Posted by fred on October 05, 2000 at 21:53:19:
In Reply to: Someone speared a Mako?!! posted by Other Ben on October 03, 2000 at 10:36:25:
Mako armed to the teeth | Man kills attacking shark | Diver uses spear gun on deadly fish off
Stewart Graham was calmly "paddy hopping" -- swimming from one kelp bed to
the next -- just south of Coronado Island yesterday when he nearly met
Graham, 39, an environmental geologist, was free diving 30 feet down
searching for yellowtail when he spotted the long, stout body of one of his
favorite creatures -- a shark -- in the distance.
He rose to the surface and calmly called to Danny Oliver, pilot of the Blue
Job, the dive boat sitting 50 feet away, to bring the boat around. Graham
told Oliver he was getting out of the water.
Graham said he wasn't panicked or even frightened. An experienced free
diver (they don't use air tanks), he has swum with sharks before,
particularly along the Cocos Islands in the South Pacific. It had become
routine in 27 years of diving, and no shark had ever attacked him. Why
would this one, he thought.
But when he dove under the surface again, he saw a large mako shark -- its
mouth wide open and sharp teeth shining -- charging straight at him.
With only a moment to think and the shark only about 15 feet away, Graham
said, he grabbed the spear gun at his side -- loaded with a thin, 6-foot
metal spear -- and aimed it at the fish's mouth.
As the spear shot through the water, he said, the shark seemed to sense the
danger and jerked its head to one side. The spear sank into the gills of
the 10-foot-long animal, which then passed Graham without touching him.
Meanwhile, on the boat, Oliver, also a geologist, said he was more stunned
than his friend.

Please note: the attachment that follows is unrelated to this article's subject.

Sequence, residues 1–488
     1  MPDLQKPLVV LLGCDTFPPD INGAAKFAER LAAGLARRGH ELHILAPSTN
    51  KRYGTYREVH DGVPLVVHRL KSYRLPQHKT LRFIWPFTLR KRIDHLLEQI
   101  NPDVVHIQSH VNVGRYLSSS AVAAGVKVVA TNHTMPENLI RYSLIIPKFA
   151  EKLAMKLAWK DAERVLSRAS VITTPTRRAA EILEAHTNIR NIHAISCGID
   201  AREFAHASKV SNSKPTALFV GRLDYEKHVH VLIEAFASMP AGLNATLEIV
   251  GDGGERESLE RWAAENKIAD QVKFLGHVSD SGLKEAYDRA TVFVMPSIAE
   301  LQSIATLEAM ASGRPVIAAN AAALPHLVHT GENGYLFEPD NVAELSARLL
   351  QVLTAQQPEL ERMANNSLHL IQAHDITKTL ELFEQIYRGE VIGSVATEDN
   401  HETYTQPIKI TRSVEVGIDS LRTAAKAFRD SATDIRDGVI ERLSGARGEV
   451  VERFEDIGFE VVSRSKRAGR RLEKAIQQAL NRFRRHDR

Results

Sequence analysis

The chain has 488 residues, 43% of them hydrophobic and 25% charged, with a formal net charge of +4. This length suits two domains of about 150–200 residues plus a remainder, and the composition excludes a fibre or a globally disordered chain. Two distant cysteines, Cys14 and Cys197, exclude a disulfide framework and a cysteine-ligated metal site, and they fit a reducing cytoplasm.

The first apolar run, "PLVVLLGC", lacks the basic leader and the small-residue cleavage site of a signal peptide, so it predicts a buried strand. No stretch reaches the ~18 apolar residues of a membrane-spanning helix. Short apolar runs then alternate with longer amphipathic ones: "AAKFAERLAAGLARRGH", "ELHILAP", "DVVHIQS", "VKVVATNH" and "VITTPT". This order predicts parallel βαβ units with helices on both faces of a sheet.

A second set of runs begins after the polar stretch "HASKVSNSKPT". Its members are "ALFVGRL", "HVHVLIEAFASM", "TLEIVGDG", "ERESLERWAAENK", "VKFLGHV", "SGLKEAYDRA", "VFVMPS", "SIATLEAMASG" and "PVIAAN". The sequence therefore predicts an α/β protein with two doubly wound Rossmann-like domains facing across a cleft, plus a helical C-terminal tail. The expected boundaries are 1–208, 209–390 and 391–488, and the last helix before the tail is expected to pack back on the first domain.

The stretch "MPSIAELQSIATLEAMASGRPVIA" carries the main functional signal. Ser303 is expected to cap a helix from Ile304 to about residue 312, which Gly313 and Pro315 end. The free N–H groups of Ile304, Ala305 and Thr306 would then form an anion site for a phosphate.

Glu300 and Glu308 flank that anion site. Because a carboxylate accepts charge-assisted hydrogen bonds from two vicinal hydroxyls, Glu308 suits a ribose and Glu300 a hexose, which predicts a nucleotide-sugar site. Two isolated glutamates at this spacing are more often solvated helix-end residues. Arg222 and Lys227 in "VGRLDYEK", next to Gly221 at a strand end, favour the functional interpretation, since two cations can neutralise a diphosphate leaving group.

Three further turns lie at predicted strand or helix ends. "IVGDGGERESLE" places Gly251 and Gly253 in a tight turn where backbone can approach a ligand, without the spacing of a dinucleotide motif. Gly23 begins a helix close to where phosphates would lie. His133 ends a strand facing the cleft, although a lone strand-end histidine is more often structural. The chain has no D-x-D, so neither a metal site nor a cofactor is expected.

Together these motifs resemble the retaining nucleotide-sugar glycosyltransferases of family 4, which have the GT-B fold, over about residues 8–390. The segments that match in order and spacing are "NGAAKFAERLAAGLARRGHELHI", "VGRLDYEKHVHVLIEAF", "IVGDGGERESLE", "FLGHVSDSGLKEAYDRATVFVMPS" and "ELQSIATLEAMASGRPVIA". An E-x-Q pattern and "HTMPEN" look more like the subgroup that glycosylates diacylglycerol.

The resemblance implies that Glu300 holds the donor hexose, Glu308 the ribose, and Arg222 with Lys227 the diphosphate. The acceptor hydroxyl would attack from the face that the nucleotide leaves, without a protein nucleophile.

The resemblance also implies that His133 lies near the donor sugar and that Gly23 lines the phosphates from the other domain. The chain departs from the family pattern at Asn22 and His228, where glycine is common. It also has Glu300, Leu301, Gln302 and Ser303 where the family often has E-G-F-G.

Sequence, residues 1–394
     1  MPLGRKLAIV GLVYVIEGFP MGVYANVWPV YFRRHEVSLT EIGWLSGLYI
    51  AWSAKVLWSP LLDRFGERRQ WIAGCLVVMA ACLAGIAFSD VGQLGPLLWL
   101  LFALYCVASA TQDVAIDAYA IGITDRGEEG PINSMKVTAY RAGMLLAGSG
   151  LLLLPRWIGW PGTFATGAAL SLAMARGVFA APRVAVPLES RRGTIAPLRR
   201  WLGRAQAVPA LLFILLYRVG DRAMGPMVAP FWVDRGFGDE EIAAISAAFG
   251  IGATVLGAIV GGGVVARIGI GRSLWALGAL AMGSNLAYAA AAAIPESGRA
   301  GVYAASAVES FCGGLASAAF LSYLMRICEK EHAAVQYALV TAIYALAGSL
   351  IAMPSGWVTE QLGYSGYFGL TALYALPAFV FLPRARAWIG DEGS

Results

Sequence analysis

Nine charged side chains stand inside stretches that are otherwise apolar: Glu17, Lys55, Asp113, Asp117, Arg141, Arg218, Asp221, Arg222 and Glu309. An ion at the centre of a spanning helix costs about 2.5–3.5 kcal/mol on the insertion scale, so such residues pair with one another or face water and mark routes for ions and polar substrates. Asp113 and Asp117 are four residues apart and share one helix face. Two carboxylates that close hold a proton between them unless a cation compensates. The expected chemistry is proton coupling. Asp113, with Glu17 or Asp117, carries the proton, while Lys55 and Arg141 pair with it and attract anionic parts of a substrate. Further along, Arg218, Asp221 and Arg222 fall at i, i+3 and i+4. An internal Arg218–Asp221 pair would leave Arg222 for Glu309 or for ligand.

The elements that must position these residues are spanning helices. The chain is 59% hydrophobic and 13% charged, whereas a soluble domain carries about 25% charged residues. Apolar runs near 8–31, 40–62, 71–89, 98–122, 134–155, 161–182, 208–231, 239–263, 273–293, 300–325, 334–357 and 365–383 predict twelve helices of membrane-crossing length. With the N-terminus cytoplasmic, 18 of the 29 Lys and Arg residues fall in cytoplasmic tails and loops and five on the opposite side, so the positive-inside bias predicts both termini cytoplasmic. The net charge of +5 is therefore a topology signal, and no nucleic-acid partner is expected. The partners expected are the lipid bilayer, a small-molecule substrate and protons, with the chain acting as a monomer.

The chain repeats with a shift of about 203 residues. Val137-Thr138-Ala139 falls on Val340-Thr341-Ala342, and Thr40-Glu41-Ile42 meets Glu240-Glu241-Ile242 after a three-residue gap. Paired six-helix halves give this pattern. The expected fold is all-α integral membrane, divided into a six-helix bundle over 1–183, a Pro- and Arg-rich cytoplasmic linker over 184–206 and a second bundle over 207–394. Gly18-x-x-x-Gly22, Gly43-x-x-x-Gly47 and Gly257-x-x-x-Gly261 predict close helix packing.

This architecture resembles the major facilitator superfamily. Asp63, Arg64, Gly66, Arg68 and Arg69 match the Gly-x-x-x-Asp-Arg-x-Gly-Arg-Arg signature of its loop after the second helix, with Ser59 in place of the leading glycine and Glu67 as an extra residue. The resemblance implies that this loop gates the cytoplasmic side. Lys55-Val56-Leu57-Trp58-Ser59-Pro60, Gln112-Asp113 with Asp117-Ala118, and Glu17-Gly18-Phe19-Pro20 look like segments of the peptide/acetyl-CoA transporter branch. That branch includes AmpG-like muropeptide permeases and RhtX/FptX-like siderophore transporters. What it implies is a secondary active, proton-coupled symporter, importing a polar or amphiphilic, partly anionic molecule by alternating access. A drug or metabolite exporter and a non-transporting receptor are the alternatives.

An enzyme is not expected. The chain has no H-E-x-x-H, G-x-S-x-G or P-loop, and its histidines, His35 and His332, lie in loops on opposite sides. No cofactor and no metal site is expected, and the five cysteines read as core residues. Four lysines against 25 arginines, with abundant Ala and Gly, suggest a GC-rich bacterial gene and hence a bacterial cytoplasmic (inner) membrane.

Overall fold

"I thought: `Oh, boy. What's going on?' I wasn't sure if we had a kill,"
said Oliver, who lives in Solana Beach.
Graham said he doesn't know what prompted the shark to attack him except
that makos are unpredictable. There was no blood in the water near him to
lure the shark, he said.
It took the team of four on the boat more than four hours to return to the
Marlin Club on Shelter Island. The shark was too long and too heavy to put
into the 18-foot Blue Job. They struggled with the dying fish for 20 miles,
moving at a snail's pace, before docking late yesterday.
A crane lifted the shark out of the water and onto a scale, where it
weighed in at 426 pounds.
"It's still hasn't sunk in. Maybe when I get home," said Graham, of
The four divers were participating in the San Diego Free Divers Blue Water
Meet, an event held within the 40 miles of water surrounding Shelter
Graham said he was sorry he had to spear the enormous fish, even though it
attacked him. "One of my favorite animals is the shark," he said. "As a
geologist I have so much respect for them because they have been around for
so many years."
While members of his dive group were researching whether the shark could be
a record for a fish caught with a spear, Graham and Oliver were looking for
someone to fillet it while it was still fresh.
"Shark meat's great," Graham said. "It's a little like swordfish."
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